I was really surprised that many people did not like Lima, since I really enjoyed this city and maybe one of the most surprising place I have seen during my one-month trip in South America. Maybe because of this year El Nino, Lima I have seen was very bright with clear sky, so bright that even locals admitted that this kind of sunshine is rarely happened. One of the most outstanding features of Lima’s historic center is the vibrant of architectural styles from pure colonial Spanish baroque, lovely art nouveau, and even neo-classical that almost make Lima to be little Madrid.
As a World Heritage Site enthusiast, Basilica de San Francisco was the first place I went to see as this basilica is the original reason why Lima has been put on the list. The grand Basilica is located in the center of the old district. The highlights of the Basilica are the catacomb and the ceilings of the Basilica complex. The catacomb is very interesting however I am not a fan of dark tourism, so I was happy to just a brief look. But the ceilings of church and monastery are really beautiful from indigenous design to Moorish inspired dome. Really a nice place but I am not sure that from present ICOMOS standard, the site can be inscribed by their own merit and I was far more appreciate from the rest of the old city. After Basilica, I went to see the city cathedral, maybe I had expected too much for the main church of Spanish capital of South America, the interior is quite disappointing and too much plain compared to churches in Quito, maybe the most lavish part is the tomb of Pizarro. The next must see of Lima is its central square, Plaza de Armas. The square is very lovely with nice buildings painted in yellow. The presidential palace is quite impressive. However, in my opinion the beauty of wooden box balcony on many buildings are the real gem to see. Each has its own uniqueness for its design and craftsmanship. One in front of the former governor palace is exceptionally eye catching. The simple but very long one the building corner next the cathedral is also very unique. After saw many fine churches, then I walked along many streets, and surprising discovered many nice art nouveau buildings and more buildings with those lovely wooden box balconies, and for me these style of architecture become a symbol of Lima. Neo-classical buildings around Plaza San Martin is another big surprise for me, it really contrasts with yellow Plaza de Armas, as every building around the plaza are in white and in Spanish neo classical styles that remind me Palacio de Cibeles and many imposing building along the famous Calle de Alcala in Madrid. The walking street of Jiron de la Union is very lively with many shops and locals are in full with spirit of shopping.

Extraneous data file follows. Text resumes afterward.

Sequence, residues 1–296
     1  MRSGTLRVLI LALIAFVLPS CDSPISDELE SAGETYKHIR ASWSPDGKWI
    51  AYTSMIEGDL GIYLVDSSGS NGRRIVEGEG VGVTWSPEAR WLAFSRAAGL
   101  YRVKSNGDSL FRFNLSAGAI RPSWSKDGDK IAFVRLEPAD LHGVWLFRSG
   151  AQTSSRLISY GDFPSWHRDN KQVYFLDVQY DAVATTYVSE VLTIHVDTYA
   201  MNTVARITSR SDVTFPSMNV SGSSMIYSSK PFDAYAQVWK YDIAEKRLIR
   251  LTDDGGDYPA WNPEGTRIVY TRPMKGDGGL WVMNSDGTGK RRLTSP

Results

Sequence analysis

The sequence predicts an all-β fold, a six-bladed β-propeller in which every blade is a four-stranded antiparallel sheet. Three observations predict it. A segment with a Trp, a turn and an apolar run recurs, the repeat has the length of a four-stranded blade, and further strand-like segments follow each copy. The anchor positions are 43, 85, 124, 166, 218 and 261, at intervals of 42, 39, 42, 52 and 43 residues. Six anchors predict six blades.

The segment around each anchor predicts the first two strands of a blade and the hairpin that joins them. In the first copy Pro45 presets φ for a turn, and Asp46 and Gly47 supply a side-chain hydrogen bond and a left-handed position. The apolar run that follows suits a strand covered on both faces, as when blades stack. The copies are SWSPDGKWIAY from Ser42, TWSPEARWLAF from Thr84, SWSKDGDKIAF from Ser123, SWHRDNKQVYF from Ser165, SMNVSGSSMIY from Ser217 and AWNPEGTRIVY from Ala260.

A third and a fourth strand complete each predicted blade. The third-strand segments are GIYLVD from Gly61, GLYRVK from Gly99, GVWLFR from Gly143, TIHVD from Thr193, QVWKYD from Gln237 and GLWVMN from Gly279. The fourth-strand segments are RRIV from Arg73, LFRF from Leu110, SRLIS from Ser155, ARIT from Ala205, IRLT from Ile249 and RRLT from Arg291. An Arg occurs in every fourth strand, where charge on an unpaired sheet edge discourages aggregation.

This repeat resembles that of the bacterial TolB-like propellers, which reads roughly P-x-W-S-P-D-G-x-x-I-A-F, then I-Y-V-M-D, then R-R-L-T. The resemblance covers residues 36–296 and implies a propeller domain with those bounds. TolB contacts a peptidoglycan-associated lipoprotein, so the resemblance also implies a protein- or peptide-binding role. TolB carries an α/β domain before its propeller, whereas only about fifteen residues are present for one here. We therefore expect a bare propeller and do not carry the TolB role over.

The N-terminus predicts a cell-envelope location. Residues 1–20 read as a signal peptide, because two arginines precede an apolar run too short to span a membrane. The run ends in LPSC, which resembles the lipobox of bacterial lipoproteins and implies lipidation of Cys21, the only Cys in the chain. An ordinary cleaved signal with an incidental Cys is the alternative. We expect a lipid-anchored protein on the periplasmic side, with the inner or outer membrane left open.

While Lima was not chaotic liked I saw in Quito, because the city is far more expanded and modern, the city was still crowded with people and the traffic was really congested but again because of El Nino, I did not find the city to be polluted much as I expected, and after saw Miraflores area, while my local friend warned me a lot for safety issue, I found that Lima is such a great city with good food, nice landscape and load of culture to explore from Inca to colonial and vibrant contemporary art. Visiting Lima is a must for Peru, not because it is World Heritage Site, but because this city offer some of the finest urban lifestyle and food I saw and ate in the America.